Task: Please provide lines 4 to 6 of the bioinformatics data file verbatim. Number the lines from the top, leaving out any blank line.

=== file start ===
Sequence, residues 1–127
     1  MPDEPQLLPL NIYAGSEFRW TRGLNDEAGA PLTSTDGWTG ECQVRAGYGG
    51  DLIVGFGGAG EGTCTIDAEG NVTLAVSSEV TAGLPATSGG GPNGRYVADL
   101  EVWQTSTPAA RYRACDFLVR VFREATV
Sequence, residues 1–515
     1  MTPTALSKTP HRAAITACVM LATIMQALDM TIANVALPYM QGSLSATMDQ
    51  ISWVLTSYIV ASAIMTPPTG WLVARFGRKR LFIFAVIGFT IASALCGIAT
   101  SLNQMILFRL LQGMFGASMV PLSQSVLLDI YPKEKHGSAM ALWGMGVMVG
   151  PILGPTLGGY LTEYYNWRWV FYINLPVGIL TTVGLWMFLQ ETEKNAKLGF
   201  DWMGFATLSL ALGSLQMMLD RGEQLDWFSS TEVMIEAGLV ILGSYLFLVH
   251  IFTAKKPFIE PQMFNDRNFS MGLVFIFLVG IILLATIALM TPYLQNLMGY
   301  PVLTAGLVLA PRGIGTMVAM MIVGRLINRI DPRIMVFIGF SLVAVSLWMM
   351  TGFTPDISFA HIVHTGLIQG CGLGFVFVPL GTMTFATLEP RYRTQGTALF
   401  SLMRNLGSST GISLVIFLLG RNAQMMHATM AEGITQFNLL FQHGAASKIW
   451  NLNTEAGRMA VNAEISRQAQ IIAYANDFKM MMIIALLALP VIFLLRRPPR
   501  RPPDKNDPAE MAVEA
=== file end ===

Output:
   101  EVWQTSTPAA RYRACDFLVR VFREATV
Sequence, residues 1–515
     1  MTPTALSKTP HRAAITACVM LATIMQALDM TIANVALPYM QGSLSATMDQ